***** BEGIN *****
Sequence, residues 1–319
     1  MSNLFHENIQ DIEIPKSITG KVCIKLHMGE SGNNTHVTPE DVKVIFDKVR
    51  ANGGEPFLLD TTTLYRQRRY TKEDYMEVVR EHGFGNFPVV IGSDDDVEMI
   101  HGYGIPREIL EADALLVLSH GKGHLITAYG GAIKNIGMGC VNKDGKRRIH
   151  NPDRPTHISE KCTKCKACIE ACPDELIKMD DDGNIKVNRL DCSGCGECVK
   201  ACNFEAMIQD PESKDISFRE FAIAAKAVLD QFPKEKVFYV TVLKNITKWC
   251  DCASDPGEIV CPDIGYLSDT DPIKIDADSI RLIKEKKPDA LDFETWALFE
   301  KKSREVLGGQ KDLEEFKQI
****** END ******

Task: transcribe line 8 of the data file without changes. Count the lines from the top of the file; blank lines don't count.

   301  KKSREVLGGQ KDLEEFKQI